In September last year we commented on the AG Kokott's opinion in the Belov case (C-394/11). The case concerned the lack of access of consumers to electricity meters in two Roma districts of a Bulgarian city, Montana. Mr Belov, one of the Roma inhabitants of Montana, complained that he has been discriminated against on the basis of his ethnic origin, since the electricity provider made it more complicated for him than other consumers to check his electricity usage. AG Kokott recognized, indeed, that the case fell within the scope of the Directive 2000/43 on equal treatment and that on the grounds of its provisions there could be indirect discrimination found in this case.
The CJEU issued a judgment today in this case and disagreed with the AG's opinion. The CJEU does not consider itself as having jurisdiction to answer the questions referred to it in this case, due to the fact that the body referring the case could not be considered either as a court or a tribunal. Only national courts and tribunals are allowed to apply for the preliminary ruling from the CJEU, and the body in the mentioned case did not have compulsory jurisdiction nor "sufficient guarantees as to its independence", nor did the proceedings pending before it were "intended to lead to a decision of a judicial nature". (Par. 37)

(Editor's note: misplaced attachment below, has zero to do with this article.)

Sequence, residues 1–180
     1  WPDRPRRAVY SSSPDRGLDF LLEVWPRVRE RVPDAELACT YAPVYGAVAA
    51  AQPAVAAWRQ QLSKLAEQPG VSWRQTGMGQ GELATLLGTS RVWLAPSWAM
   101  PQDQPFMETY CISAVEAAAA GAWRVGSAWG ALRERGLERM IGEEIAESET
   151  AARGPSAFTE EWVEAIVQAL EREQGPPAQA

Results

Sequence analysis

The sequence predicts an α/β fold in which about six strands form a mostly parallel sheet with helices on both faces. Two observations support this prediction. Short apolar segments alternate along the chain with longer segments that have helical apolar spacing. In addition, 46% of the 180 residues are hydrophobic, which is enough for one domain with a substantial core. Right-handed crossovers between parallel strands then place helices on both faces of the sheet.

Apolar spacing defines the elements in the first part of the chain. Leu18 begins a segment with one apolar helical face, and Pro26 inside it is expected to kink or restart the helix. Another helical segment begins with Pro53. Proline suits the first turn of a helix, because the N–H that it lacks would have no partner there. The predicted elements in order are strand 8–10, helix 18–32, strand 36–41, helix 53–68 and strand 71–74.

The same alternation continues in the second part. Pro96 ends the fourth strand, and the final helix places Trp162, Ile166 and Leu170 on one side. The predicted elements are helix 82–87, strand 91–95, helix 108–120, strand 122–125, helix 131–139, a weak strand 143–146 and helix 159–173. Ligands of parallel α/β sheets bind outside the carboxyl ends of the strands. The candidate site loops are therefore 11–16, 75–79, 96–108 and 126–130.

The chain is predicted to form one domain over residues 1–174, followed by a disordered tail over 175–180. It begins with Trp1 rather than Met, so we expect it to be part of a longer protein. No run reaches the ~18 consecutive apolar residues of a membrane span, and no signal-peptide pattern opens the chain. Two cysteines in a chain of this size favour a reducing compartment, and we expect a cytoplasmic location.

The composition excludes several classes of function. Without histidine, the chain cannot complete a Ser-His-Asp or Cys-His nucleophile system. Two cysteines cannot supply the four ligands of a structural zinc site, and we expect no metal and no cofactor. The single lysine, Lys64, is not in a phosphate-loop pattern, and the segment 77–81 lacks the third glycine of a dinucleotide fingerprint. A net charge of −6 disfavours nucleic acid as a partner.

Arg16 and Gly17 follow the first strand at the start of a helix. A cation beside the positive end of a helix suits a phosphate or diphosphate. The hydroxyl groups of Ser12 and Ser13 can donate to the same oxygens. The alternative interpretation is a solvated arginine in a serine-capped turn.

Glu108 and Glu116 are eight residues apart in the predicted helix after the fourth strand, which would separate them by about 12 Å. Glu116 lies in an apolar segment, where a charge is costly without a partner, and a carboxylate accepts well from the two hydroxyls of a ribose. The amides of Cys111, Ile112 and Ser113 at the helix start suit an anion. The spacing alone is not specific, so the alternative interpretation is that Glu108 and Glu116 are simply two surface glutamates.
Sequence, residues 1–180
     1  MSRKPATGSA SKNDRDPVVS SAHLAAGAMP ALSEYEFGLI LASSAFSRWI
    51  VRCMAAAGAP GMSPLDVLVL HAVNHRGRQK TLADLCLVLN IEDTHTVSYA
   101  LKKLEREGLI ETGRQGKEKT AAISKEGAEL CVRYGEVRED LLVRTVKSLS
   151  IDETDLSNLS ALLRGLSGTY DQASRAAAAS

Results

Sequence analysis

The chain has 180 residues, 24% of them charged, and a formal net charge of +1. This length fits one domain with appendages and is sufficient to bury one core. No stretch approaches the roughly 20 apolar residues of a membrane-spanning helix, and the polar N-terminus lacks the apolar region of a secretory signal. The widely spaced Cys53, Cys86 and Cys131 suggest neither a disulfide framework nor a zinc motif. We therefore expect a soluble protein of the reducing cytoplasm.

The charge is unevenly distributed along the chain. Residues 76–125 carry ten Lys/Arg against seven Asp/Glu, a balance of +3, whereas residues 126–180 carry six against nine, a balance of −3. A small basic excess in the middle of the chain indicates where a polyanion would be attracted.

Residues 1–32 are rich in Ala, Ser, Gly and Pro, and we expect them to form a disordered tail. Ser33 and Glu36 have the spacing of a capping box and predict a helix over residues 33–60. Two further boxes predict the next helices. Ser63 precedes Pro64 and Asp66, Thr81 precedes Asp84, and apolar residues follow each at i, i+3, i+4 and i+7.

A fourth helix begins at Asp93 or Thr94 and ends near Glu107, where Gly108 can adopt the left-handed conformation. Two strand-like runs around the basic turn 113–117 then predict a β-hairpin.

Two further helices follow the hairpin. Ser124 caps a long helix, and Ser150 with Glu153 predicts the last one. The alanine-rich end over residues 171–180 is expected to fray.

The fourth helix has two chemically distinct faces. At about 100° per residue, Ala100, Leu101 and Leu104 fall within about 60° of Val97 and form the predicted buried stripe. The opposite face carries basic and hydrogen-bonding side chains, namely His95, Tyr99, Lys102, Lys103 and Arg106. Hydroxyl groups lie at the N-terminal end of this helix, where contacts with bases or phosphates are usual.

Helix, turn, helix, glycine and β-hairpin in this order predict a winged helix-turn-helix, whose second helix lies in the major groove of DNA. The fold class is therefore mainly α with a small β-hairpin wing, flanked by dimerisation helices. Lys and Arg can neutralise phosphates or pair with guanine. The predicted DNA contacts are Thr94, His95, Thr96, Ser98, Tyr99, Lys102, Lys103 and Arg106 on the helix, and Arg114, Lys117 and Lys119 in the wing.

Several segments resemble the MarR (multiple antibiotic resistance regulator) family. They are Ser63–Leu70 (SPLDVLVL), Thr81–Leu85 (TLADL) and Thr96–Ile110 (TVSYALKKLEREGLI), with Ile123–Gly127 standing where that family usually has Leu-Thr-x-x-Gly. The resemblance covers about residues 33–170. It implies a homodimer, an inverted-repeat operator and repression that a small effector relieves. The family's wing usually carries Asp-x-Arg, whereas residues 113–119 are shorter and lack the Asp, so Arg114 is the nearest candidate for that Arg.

This was an interesting, and very political question, that was referred to the CJEU and, unfortunately, we will not get an answer to it.